TMV for New-Car Shopping
Now that you know what TMV is and where to find it, here are some tips about using it to help you get a good deal.
TMV is particularly useful when you use it in conjunction with a price quote from a dealer or with Edmunds Special Offers, which give you a guaranteed upfront price on a specific car. These special offers are ideal if you who want to save time and avoid the back and forth of negotiating.
In many cases (but not always), the Special Offer price is at or below Edmunds TMV. If you want to verify this, double-check the price quote with the vehicle's TMV. Make sure to correctly enter the style, trim and options; otherwise you might get an incorrect figure.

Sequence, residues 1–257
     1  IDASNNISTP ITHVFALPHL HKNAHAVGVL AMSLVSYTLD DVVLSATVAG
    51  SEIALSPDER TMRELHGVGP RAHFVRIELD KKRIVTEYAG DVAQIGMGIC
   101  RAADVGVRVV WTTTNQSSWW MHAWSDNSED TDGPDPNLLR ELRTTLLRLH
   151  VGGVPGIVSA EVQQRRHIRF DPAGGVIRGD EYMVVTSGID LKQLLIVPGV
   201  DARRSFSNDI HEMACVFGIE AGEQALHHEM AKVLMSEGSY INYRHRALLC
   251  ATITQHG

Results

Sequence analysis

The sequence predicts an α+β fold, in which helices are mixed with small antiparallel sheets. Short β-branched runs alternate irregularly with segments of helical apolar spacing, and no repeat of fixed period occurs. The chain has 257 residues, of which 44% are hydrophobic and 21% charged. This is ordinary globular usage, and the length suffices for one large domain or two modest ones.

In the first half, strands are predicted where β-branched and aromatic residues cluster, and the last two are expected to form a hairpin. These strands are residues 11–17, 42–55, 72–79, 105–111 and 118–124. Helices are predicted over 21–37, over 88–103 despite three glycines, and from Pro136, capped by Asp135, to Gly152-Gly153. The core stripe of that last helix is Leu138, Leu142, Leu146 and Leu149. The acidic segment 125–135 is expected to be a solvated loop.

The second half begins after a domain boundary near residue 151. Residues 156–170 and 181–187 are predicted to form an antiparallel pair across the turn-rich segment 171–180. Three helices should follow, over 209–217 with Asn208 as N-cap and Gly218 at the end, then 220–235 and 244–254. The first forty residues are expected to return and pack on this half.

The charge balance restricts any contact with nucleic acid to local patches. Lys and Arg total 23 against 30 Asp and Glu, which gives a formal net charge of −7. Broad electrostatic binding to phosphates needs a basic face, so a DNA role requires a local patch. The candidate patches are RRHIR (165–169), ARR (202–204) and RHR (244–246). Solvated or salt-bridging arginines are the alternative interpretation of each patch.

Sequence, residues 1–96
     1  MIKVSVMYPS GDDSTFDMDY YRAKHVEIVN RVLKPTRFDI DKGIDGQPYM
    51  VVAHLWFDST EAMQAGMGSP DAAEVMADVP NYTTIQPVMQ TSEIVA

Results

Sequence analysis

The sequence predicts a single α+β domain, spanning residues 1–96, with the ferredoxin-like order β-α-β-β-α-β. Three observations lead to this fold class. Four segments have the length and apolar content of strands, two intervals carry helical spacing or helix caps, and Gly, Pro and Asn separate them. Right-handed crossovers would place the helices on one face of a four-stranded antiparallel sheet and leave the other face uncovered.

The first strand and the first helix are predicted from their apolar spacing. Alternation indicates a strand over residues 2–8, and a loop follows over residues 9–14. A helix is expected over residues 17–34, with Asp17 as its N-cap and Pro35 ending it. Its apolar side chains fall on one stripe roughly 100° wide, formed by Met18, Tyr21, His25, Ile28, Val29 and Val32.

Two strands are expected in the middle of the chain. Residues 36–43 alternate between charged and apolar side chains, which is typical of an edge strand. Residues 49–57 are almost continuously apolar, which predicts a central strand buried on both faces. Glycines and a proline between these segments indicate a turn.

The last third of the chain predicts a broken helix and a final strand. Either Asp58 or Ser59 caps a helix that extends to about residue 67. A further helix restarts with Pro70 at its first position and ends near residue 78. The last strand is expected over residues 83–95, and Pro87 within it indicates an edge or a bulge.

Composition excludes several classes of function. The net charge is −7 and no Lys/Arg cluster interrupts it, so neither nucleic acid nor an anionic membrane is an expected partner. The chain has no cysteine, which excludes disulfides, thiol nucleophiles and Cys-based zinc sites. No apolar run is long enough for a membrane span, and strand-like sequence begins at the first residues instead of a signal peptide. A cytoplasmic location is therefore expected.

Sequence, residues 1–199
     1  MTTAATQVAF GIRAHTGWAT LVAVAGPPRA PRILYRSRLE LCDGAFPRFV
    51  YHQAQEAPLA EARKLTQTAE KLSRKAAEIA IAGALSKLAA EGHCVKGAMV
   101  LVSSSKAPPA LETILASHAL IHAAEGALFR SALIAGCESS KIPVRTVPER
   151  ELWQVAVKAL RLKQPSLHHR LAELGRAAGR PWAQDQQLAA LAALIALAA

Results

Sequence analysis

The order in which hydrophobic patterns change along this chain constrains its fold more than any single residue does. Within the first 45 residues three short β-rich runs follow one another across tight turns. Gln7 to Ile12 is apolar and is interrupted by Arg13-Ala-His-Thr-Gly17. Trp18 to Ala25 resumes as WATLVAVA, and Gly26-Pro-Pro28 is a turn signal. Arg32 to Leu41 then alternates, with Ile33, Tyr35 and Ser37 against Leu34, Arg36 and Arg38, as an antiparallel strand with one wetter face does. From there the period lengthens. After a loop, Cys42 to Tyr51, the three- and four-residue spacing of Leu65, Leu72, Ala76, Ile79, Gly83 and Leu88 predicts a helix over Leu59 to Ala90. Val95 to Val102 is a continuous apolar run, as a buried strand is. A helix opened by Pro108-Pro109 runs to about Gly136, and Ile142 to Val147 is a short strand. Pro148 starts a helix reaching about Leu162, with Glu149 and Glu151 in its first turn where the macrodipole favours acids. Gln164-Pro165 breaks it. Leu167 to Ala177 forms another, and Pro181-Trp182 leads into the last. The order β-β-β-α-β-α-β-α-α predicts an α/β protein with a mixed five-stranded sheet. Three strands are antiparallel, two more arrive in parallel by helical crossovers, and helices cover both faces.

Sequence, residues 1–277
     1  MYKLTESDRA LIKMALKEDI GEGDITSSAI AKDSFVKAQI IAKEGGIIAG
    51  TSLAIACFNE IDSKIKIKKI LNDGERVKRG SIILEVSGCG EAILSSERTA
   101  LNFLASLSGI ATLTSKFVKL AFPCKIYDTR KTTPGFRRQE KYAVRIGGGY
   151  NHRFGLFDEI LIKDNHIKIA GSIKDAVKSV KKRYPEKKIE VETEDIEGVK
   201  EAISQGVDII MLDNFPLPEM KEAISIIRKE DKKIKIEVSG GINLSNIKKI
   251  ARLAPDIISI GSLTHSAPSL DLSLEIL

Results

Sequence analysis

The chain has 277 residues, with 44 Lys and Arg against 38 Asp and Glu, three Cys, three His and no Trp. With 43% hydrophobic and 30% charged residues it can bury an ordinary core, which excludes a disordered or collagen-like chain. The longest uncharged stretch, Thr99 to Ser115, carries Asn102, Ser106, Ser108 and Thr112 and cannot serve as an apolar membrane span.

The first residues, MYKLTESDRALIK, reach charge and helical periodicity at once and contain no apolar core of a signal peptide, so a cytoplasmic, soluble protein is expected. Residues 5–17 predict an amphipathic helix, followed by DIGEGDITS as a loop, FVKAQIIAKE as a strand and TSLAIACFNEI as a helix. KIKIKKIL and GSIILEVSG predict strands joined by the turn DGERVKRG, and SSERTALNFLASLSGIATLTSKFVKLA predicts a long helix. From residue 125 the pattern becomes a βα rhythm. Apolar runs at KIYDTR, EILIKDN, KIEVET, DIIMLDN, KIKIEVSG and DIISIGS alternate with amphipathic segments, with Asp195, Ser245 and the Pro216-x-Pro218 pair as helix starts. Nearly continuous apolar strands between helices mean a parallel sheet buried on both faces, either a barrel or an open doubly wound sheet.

If you've chosen to negotiate, look up the TMV and mention the figure to the salesperson when you're countering an offer. Say the salesperson had quoted you a price of $30,000, but the TMV for the car is $28,000. Tell the salesperson: "I've had a chance to do some research on this car, and according to Edmunds, it's selling for about $28,000. If you can beat that price, we'll have a deal."
Other buyers just want to cut to the chase and will be satisfied with a fair deal, if not the absolutely lowest price on a car. If this is your style, offer to pay TMV. It helps to have a printout of the TMV price handy, or have the TMV information ready to display on a smartphone as you talk.
There is no guarantee the salesperson will accept your offer to pay the TMV price. TMV, while accurate, isn't infallible. There will be times when we don't have enough data to give accurate results or there is a trend that isn't being reflected in the data. In these cases, it's best to get your own "real-world" TMV. Talk to three dealerships to get price quotes. This tactic should give you an idea of the car's actual selling price.